Clear reduction in urban carbon emissions as a result of COVID-19 lockdown
COVID-19-related restrictions have forced many people to stay at home. This has strongly reduced road traffic and economic activities, particularly in cities and urban areas where the majority of the population lived. Consequently, this has also cut down human-induced carbon dioxide (CO2) emissions to the atmosphere.
Although this reduction is not strong enough to be globally visible in the atmosphere, at local scale the changes in emissions can be observed.
Carbon dioxide emissions reduced even by 75 percent
The study, which is currently being prepared for peer review, shows that lockdown has so far reduced carbon dioxide emissions in all participating cities. "The reductions range from 8% in a highly vegetated urban area of Berlin, Germany, to 75% in the city center of Heraklion in Greece," says Professor Dario Papale, director of the ICOS Ecosystem Thematic center, where he is involved with research activities dedicated to the study of climate change impacts on agriculture, forests and ecosystem services.
The European cities included in the study are Basel in Switzerland, Berlin in Germany, Florence and Pesaro in Italy, Helsinki in Finland, Heraklion in Greece and London in the UK. The size of reduction varied due to the characteristics of the sampled areas and the stringency of the lockdown restrictions in place. In all cities, there was a clear temporal connection with the restrictions and the emission reduction.
For the local observations, the scientists globally use a technique called eddy covariance, in which the exchange of carbon dioxide between the atmosphere and a particular ecosystem is measured by equipment installed in towers topping over the area and its vegetation. This allows the researchers to see the changes in nearly real-time.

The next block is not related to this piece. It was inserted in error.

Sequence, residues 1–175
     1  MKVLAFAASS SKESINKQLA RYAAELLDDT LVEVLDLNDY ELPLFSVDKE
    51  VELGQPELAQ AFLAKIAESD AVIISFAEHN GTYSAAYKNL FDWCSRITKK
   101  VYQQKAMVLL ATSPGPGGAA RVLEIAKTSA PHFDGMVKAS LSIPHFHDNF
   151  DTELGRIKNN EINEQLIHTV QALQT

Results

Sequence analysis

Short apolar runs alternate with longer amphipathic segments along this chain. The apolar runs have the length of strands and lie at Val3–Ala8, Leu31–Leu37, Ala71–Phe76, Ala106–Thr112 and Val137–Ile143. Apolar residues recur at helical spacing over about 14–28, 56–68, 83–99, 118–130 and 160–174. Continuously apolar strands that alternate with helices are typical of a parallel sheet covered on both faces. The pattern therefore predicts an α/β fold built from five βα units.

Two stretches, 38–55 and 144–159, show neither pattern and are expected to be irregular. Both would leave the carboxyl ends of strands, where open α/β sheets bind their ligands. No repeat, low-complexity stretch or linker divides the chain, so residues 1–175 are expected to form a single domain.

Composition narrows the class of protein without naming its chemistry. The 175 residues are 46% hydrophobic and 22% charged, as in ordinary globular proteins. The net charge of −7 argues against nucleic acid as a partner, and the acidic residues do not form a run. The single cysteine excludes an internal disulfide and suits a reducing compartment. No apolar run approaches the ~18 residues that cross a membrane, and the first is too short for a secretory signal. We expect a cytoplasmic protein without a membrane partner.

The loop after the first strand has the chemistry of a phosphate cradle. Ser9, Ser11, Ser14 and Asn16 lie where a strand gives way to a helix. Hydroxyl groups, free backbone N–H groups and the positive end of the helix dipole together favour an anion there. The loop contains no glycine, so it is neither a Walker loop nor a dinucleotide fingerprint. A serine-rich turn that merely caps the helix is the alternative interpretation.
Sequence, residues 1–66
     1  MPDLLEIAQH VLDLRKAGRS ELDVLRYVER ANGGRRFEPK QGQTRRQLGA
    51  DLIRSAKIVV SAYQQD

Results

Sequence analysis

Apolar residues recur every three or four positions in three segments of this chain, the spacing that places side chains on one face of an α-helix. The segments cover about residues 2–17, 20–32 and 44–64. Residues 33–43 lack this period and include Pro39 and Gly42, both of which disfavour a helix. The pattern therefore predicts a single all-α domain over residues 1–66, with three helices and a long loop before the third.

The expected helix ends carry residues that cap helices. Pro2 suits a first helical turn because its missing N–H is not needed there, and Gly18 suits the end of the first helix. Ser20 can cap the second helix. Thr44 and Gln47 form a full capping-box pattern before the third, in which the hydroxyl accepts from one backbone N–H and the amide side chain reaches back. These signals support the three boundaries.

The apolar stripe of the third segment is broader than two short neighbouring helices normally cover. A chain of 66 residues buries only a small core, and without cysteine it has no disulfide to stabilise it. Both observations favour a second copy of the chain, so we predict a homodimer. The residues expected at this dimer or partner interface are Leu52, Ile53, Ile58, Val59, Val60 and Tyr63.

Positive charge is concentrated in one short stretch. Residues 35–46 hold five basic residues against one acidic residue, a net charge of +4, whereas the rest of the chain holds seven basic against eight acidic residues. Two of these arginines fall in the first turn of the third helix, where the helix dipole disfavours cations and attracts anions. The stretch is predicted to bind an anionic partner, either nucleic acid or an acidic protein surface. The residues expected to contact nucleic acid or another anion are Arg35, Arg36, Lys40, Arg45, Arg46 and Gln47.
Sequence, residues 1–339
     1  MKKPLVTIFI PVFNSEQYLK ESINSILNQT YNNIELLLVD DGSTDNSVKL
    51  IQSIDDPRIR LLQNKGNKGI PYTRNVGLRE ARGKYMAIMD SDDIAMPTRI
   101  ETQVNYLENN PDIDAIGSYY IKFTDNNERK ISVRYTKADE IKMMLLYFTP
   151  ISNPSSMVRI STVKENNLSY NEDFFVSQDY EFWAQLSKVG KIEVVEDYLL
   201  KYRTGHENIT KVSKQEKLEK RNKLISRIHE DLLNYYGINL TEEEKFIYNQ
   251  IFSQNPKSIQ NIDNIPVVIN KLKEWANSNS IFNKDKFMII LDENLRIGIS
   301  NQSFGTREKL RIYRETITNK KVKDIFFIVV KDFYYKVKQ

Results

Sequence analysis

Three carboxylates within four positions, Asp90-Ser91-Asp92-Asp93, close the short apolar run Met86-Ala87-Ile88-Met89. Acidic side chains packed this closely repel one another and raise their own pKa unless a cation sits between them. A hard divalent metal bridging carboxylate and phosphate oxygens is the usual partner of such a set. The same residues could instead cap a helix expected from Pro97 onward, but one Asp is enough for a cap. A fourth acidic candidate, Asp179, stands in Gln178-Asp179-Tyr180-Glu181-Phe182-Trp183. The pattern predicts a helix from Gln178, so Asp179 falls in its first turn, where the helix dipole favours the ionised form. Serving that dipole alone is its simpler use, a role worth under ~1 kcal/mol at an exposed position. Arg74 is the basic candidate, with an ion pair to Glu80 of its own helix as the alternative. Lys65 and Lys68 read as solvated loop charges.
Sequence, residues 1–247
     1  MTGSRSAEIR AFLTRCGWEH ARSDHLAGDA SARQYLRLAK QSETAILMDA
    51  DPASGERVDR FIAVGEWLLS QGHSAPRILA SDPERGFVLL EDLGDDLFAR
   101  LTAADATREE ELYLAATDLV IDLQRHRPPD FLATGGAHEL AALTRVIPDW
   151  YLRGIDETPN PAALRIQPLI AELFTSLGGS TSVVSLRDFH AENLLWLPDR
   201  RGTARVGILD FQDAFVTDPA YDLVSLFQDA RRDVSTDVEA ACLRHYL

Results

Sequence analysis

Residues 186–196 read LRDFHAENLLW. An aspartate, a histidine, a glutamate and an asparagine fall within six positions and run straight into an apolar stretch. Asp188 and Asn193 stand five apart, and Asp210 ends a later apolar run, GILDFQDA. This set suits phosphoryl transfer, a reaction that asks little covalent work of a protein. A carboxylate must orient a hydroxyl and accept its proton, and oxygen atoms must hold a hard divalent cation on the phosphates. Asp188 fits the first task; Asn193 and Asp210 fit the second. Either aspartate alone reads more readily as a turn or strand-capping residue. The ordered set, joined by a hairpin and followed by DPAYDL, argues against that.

Traffic, vegetation, economic and domestic activities affect reduction
The tower in Heraklion observed the largest reduction. The area is characterized by dense commercial activities and intense road traffic, both of which completely stopped during the lockdown. In Pesaro, the almost full stop of all traffic reduced CO2 emissions up to one-third of the normal amount. In other cities, such as Florence and Helsinki, the emissions reductions result from a combination of reduced traffic and economic activities, while increased domestic heating and human metabolism partly counterbalance the reduction. In the Basel-B location, however, normal traffic is twofold higher than Basel-K, and for this reason, the reduction is larger.
Traffic and the commercial sector cause a large part of London's emissions, but London differs from Helsinki and Florence due to is residential contribution: Normally, the weekday population in daytime central London increases 10-fold due to the influx of commuters. This decreased strongly with lockdown.
In Berlin, the moderate reduction in traffic has been counterbalanced by domestic emissions and the presence of vegetation, leading to relatively small fluxes.
Clear connection to restriction orders visible
The connection of lockdown measures to emissions and the connected timing can be clearly seen from the figure. "In some cases (Florence, London and Heraklion), emissions began decreasing even some time before the official lockdown was implemented, when people responded to recommendations to reduce travel and work from home as much as possible," Dario Papale says. "This is a great example of collaboration among scientists in different countries, which is supported by local authorities who allow us to collect these important measurements. Flux measurements will be very important for monitoring the emission patterns in the coming weeks and months, when private cars will possibly be preferred to public transport to avoid crowds. This might cause a fast growth of emissions that may even exceed those of the pre-lockdown period."
The scientists aim to make further studies based on the data generated from these city towers. While this early analysis paves the way for more in-depth studies, it already shows the importance of observation towers in urban areas. This significance of cities will also grow in the future: Some 55% of the world's population lives in cities, and according to United Nations, that percentage will grow considerably over the coming decades.